1. Prepare Properly: Begin by thoroughly cleaning the area. Ensuring there is no debris or loose stones will allow the hot asphalt to adhere properly during the chip seal process.

2. Choose Quality Materials: The quality of the materials used directly impacts the durability of your chip seal driveway. Consider the local climate and traffic while selecting the right asphalt and aggregates.

3. Professional Installation: Trusting professionals with the installation process is crucial because the effectiveness of the chip and seal driveway hinges on precision during the installation process.

Conclusion

In conclusion, the effectiveness of chip sealing for commercial properties cannot be overstated. This process is sustainable, durable, and adds unique aesthetic value that regular paving methods cannot match. When executed properly by experienced professionals, chip sealing can provide an efficient yet economical solution for paving commercial properties. So, elevate your commercial property paving with the unique solution of the chip seal method, ensuring durability and aesthetics in one go.

If you are considering a chip seal driveway for your commercial property, don’t hesitate to reach out to professional chip sealing contractors for the best advice and service. Leverage the benefits of chip seal paving today and take the first step to improving the durability, safety, and appeal of your property.

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About Cady, Michigan

History

The first settlement on the land that is now Clinton Township was called Gnadenhuetten and was established in 1782 by Rev. David Zeisberg, but closed in 1786. It was organized as “Huron Township” on August 12, 1818, named after what was then known as the Huron River. Because of confusion with another Huron River south of Detroit, on July 17, 1824, the Michigan Territorial Legislature renamed both the township and the river after DeWitt Clinton, the popular governor of New York from 1817 to 1823 who was largely responsible for building the Erie Canal which enabled many settlers to come to Michigan.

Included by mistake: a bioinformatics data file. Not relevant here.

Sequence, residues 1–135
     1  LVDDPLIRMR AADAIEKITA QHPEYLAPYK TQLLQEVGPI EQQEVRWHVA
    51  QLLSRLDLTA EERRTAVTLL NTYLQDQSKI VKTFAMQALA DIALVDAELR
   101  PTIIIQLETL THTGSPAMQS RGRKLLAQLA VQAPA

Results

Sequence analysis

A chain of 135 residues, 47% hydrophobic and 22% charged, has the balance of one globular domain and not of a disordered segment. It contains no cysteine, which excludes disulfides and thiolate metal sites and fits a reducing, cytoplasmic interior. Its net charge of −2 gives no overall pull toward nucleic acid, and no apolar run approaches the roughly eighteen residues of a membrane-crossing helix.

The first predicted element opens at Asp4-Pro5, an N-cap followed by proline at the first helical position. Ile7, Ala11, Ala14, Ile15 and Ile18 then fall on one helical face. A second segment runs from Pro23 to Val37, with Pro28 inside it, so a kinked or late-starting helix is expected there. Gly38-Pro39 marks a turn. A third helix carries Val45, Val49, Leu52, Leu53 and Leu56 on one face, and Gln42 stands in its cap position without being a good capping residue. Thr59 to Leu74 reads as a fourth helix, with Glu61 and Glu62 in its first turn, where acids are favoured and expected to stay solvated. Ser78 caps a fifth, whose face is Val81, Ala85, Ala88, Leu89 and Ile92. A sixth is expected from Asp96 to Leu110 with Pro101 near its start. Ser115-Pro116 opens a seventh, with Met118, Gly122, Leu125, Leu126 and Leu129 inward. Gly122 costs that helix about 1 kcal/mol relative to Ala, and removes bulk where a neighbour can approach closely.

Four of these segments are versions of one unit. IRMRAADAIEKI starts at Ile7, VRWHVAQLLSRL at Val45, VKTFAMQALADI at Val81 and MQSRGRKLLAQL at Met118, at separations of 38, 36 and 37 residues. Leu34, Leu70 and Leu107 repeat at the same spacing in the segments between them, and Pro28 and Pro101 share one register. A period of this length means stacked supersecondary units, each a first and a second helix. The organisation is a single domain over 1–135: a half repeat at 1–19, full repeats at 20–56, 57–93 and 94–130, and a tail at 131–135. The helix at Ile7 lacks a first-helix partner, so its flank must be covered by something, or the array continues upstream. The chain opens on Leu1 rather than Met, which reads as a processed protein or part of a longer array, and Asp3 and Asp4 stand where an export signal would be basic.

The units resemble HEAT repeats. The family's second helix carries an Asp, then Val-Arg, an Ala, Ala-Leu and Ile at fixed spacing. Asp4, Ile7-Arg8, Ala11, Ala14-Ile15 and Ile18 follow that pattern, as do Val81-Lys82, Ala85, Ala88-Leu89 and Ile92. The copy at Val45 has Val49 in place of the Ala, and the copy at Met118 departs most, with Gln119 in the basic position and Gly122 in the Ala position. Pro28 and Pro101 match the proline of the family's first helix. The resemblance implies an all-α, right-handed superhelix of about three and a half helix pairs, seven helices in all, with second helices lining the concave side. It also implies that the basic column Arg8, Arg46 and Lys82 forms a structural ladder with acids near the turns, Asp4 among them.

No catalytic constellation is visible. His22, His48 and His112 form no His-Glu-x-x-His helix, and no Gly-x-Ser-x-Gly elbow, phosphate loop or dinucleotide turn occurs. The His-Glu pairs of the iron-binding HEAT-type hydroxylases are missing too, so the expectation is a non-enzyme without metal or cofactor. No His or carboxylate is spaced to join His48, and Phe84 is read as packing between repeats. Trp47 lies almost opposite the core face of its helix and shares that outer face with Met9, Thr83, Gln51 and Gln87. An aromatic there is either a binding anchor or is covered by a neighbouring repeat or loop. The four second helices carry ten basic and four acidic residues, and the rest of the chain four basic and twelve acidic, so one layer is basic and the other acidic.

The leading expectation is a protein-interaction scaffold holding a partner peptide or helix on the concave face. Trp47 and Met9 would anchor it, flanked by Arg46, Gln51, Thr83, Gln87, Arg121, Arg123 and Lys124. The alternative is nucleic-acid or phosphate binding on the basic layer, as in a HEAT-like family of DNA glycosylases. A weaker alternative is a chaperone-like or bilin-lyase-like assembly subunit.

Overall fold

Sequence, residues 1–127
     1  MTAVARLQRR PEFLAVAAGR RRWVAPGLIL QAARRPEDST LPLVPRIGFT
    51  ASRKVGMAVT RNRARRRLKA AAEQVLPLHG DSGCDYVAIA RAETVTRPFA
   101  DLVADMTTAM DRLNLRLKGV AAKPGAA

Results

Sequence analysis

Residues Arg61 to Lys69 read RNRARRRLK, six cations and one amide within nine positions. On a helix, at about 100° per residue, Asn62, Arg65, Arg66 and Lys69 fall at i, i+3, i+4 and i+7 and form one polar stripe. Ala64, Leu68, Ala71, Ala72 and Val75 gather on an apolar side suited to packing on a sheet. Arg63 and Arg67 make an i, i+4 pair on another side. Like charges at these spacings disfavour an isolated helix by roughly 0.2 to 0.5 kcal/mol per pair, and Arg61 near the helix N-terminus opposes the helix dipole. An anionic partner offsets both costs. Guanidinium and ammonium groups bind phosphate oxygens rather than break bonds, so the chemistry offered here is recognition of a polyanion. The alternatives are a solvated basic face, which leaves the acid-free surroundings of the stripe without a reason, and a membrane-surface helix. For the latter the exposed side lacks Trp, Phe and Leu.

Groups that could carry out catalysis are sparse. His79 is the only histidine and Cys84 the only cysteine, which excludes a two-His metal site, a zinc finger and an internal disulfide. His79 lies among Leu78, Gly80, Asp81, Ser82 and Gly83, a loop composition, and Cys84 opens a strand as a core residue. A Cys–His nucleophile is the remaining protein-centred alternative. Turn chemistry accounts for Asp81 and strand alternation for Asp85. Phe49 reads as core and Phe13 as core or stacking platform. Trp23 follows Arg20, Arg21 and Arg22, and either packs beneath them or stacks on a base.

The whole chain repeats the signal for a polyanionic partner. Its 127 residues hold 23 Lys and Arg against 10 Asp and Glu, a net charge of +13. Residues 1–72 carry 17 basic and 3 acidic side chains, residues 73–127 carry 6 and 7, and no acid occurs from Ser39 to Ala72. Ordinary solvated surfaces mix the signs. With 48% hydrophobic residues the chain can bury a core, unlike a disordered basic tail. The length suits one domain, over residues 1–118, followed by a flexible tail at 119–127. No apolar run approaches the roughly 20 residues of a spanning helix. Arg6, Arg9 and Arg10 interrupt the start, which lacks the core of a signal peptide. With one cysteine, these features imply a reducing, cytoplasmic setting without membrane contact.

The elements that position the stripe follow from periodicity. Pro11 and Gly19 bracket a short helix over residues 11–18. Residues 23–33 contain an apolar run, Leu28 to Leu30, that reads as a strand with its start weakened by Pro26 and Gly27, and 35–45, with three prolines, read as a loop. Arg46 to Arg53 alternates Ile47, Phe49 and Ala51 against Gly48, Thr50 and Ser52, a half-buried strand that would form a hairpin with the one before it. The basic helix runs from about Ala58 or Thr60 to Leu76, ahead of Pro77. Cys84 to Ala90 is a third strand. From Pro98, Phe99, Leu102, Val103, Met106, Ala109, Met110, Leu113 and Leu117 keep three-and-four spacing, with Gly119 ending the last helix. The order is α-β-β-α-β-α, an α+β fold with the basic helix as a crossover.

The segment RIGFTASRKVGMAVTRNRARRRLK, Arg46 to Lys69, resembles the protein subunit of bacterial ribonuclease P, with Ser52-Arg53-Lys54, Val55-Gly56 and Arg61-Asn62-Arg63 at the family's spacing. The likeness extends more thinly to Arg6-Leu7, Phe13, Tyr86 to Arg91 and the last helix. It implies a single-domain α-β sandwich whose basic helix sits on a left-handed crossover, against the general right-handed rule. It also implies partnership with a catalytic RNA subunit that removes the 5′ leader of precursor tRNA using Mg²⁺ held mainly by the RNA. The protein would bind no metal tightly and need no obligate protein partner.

Moravian Drive is the township’s oldest road, dating back to the days when Moravian missionaries settled to attempt to convert the local Native Americans.

Geography

Clinton Township is in south-central Macomb County. The city of Mount Clemens, the Macomb county seat, is bordered on three sides by the northeast part of the township.

According to the United States Census Bureau, Clinton Township has a total area of 28.37 square miles (73.5 km), of which 28.03 square miles (72.6 km2) are land and 0.35 square miles (0.91 km), or 1.22%, are water. The Clinton River, for which the community is named, is formed from three branches within the township. It runs east into Harrison Township, where it flows into Lake St. Clair. The township is home to many parks, notably George George Memorial Park.

Communities

There are two unincorporated communities in the township:

  • Broad Acres is located in the southeastern portion on M-3/Gratiot Avenue between 15 Mile and Quinn Roads (42°32′57″N 82°54′08″W / 42.54917°N 82.90222°W / 42.54917; -82.90222; Elevation: 610 ft./186 m.).
  • Cady is located in the southwestern portion at Utica and Moravian Roads (42°33′37″N 82°57′52″W / 42.56028°N 82.96444°W / 42.56028; -82.96444; Elevation: 614 ft./187 m.). It was founded in 1833 by Chauncey G. Cady. Cady served for a time as township supervisor and was also a member of the state legislature. It had a post office from 1864 until 1906.